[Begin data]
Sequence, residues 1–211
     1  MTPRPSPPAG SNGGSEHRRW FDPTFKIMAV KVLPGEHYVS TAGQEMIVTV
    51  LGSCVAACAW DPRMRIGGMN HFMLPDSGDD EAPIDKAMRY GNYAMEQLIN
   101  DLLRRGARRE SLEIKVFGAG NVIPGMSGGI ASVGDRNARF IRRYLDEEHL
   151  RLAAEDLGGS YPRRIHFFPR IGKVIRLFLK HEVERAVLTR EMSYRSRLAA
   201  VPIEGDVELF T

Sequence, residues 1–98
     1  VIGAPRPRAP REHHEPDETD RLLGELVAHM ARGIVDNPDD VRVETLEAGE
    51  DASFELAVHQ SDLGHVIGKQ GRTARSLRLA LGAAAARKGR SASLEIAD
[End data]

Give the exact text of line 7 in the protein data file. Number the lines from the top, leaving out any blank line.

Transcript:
Sequence, residues 1–98